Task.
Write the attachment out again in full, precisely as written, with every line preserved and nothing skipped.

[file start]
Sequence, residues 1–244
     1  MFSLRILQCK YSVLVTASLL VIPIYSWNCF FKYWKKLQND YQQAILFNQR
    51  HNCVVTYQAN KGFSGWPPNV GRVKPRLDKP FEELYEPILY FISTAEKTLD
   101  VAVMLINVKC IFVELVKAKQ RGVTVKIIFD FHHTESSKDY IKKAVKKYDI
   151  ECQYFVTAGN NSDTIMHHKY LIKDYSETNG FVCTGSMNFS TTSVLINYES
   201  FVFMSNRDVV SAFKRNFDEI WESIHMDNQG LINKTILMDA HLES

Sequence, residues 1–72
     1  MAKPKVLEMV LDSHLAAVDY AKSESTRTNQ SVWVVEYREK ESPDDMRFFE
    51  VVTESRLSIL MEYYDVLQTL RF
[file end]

Sequence, residues 1–244
     1  MFSLRILQCK YSVLVTASLL VIPIYSWNCF FKYWKKLQND YQQAILFNQR
    51  HNCVVTYQAN KGFSGWPPNV GRVKPRLDKP FEELYEPILY FISTAEKTLD
   101  VAVMLINVKC IFVELVKAKQ RGVTVKIIFD FHHTESSKDY IKKAVKKYDI
   151  ECQYFVTAGN NSDTIMHHKY LIKDYSETNG FVCTGSMNFS TTSVLINYES
   201  FVFMSNRDVV SAFKRNFDEI WESIHMDNQG LINKTILMDA HLES

Sequence, residues 1–72
     1  MAKPKVLEMV LDSHLAAVDY AKSESTRTNQ SVWVVEYREK ESPDDMRFFE
    51  VVTESRLSIL MEYYDVLQTL RF